Year-to-date count: 50. (2012: 40. 2013: 53. 2014: 40. 2015: 43. 2016: 56.)

More 153s March 29, 2017

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I am too overwhelmed by life generally to write. So you’re getting more lists. Today it’s more 153s. I waited til I got to ten more.

  • On January 22, at the end of my workout, I stopped the Corner Gas DVD I was watching and marked my place on it. It was 1:53:53.
  • On February 13, for work, had to look up the USS R. M. Blatchford, which turned out to be the USS General R. M. Blatchford (AP-153).
  • On February 17, while reading the school board report, I saw a mention of Act 153.
  • On March 6, in the town report, same.
  • On March 7, my friends who run a creamery posted a video on Facebook, and when I saw it, its counter read “153 views.”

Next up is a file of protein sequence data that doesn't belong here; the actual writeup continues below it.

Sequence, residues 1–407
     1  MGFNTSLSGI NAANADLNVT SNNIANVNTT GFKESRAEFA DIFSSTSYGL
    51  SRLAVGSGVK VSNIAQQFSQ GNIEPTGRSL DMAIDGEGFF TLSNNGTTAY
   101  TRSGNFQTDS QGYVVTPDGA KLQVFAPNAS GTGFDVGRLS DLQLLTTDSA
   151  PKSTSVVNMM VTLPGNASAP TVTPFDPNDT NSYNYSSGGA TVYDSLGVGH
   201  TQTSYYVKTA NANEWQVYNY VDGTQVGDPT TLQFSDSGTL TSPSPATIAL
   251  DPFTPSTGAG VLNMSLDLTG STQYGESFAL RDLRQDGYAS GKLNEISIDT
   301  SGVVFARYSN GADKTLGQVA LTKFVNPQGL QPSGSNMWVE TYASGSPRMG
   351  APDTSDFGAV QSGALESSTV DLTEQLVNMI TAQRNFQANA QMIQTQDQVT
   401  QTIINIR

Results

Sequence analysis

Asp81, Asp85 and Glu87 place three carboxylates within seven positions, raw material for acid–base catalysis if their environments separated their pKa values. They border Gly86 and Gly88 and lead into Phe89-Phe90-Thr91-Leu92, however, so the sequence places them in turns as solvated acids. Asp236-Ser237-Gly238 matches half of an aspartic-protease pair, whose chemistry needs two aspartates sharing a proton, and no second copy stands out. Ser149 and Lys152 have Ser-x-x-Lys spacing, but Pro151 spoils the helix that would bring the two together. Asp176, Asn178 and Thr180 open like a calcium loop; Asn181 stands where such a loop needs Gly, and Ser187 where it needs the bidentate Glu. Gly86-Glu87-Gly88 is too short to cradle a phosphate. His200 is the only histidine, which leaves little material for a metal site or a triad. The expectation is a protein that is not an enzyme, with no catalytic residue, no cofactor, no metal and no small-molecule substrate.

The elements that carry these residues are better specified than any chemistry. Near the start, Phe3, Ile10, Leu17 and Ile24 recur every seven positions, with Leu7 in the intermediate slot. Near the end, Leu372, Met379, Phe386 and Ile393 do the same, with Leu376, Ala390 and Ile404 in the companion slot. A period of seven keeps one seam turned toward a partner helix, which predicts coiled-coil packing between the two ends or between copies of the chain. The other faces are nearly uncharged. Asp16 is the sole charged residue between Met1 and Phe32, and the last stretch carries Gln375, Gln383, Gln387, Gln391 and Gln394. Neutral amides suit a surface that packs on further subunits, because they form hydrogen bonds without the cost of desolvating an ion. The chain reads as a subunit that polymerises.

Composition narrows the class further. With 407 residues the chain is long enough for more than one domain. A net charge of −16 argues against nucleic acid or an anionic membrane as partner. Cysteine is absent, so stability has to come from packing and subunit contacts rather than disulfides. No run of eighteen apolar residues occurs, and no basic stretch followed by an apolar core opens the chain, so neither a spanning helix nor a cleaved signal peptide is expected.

• On March 8, I received tickets to a June concert with the return address 153 Main Street.
  • On March 13, while cleaning out my e-mail in-box after a trip, I looked up and saw the status as 153 messages, 39 unread.
  • On March 18, the Mavis Staples CD I got for my birthday got stuck/began skipping on the last track in the CD player, at 1:53. (It played fine on the Bose.)
  • On March 26, an early-morning glance at my Fitbit read 153 steps.
  • On March 29 (today), on a work-related Google search, this came up: Geriatrics for Specialists—Page 153—Google Books Result.

Also today, but barely worth mentioning, is that when I worked out on my NordicTrack, I happened to glance at time elapsed right at 1:53 (that’s not quite two minutes, folks, and I was already glancing). And just now, when I went to set a timer to go off at 3:00 (an old-fashioned electronic one, not my phone), I put in 1:07, because the time was 1:53.